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Monday, December 30, 2013

Can I Be Addicted to Rage?

Anger is dangerous for addicts.  The 'high' that we get from rage can be, in many ways, its own drug.  That's why some people can become 'addicted' to rage.  

I would say, 'yes and no.'  Clearly, anger does not present the same brain chemistry that substance addiction does, and I have not seen evidence that people who become angry often or violently have an 'addict brain' the way alcoholics, drug addicts, and porn addicts do when examined by an MRI.  But, one can also lose control over one's ability to control rage.

And, just like substance abuse, rage is a response to powerlessness in the face of a threat.  Watch an episode of 'COPS' and the #1 excuse criminals give for fighting with police is "I was scared."  Anger and rage are responses to terror.  They are not hopeful dispositions.

I think this is critical in understanding the difference: the substance abuser has a 'hope' in his drug, whereas the rager has no hope other than destruction of what he would otherwise 'use.'  This is also why Envy and Anger are close relatives: both are destructive tendencies, yet each has its unique calling.  Envy is aimed specifically at people, where as we can get angry at even abstract institutions and inanimate objects.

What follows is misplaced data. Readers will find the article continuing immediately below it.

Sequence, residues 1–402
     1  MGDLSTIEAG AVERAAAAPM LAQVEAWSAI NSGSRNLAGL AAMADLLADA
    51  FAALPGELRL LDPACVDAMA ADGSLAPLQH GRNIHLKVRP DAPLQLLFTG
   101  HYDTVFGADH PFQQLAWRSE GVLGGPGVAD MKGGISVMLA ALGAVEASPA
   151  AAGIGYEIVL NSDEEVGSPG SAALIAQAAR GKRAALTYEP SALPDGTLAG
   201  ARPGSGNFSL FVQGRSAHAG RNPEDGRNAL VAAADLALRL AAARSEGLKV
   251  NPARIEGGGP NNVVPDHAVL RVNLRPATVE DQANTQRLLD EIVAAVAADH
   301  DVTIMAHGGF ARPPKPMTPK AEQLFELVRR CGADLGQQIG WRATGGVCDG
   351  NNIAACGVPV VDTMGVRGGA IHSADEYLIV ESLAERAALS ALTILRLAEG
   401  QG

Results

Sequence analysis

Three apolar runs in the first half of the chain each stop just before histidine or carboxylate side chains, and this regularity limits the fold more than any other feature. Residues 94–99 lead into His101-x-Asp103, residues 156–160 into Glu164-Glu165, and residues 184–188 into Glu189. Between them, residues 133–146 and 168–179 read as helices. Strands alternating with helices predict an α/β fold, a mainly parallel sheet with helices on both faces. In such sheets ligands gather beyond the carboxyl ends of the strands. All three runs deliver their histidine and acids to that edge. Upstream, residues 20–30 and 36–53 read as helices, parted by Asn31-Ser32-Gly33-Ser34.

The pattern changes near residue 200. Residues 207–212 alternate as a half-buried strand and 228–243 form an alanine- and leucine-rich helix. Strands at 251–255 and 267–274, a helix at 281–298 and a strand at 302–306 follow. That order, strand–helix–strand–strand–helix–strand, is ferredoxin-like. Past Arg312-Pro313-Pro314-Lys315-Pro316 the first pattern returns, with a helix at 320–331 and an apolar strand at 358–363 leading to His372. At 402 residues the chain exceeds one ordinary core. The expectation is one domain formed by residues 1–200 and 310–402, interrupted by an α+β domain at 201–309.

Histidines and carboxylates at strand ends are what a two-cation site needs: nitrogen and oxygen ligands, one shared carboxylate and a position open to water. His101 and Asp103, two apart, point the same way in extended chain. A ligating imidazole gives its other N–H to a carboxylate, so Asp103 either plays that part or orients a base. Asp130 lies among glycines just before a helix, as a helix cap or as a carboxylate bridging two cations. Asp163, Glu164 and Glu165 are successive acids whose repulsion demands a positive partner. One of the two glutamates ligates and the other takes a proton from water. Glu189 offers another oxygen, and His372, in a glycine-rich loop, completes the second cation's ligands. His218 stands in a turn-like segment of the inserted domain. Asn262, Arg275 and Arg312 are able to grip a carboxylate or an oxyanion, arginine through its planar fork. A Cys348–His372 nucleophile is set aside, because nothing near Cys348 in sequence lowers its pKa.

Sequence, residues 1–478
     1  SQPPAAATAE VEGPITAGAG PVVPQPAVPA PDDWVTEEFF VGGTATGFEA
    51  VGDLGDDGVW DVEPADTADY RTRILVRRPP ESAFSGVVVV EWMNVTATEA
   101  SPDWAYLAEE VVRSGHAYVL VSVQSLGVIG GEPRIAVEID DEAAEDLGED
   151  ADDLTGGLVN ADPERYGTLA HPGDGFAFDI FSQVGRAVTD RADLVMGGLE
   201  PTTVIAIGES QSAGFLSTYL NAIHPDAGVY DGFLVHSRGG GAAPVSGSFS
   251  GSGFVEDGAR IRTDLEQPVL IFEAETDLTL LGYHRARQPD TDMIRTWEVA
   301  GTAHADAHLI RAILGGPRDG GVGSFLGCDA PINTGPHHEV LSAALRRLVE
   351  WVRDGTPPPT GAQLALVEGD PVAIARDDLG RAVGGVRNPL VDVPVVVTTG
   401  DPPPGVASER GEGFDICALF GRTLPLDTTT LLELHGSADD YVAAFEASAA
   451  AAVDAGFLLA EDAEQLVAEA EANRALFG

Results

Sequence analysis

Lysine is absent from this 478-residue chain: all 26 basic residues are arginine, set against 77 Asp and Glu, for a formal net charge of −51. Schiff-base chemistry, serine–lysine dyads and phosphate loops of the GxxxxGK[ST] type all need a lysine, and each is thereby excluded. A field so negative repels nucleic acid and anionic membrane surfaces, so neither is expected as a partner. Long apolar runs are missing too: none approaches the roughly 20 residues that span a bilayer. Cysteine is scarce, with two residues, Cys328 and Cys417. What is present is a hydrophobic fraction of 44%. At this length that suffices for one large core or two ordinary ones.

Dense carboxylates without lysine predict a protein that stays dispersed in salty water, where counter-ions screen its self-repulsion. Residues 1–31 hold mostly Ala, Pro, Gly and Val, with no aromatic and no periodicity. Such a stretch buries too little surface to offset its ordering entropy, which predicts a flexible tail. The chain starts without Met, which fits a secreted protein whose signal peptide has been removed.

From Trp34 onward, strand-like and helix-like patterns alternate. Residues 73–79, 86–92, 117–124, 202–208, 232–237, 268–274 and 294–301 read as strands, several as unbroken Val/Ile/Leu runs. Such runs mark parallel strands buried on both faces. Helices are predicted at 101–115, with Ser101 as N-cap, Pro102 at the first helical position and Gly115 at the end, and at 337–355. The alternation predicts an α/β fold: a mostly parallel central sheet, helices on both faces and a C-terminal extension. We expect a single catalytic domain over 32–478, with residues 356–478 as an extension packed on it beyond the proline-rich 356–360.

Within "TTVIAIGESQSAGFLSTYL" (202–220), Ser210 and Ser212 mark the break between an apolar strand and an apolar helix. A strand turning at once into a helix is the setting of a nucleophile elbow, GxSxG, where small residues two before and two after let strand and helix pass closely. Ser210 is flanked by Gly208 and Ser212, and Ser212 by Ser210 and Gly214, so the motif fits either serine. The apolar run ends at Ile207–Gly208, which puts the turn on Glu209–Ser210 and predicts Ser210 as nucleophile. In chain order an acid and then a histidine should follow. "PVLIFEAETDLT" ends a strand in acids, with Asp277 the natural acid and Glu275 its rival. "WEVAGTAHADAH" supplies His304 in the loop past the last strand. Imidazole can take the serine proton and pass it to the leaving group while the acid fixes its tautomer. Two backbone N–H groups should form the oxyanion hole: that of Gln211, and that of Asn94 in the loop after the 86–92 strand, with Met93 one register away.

Envy can also be far more subtle than the fearsome bile of Rage.  We can often act in the most sinister a subtle of ways under Envy, whereas true Rage is impossible to conceal or understate.

Fear is always about a loss of control, and it is the loss of control that is central to addiction.  The difference I think has to do with the restoration of hope.  The true addict must release one hope in favor of another, whereas the envious rager needs only embrace a hope.  Letting go, anyone who has tried can tell you, is really hard.

This is why, in my opinion, that Anger Management therapy can often be conducted without a spiritual program.  The challenge is far less daunting.   The rager need only embrace the idea that he can have hope of not going to jail again if he stops acting out, and so this hope becomes impulse control he needs.  The trick is to catch the thinking before the onset of the emotion, or at least early enough in its cycle to divert it.

Addiction is far more complex and resistant.  This is why psychology alone can't cure it or even really treat it at all.  Psychology is only effective in treating the contributing personality or emotional disorders that arise from or contribute to addiction, but addiction requiers a spiritual treatment in order to make this shift in 'hopes.'

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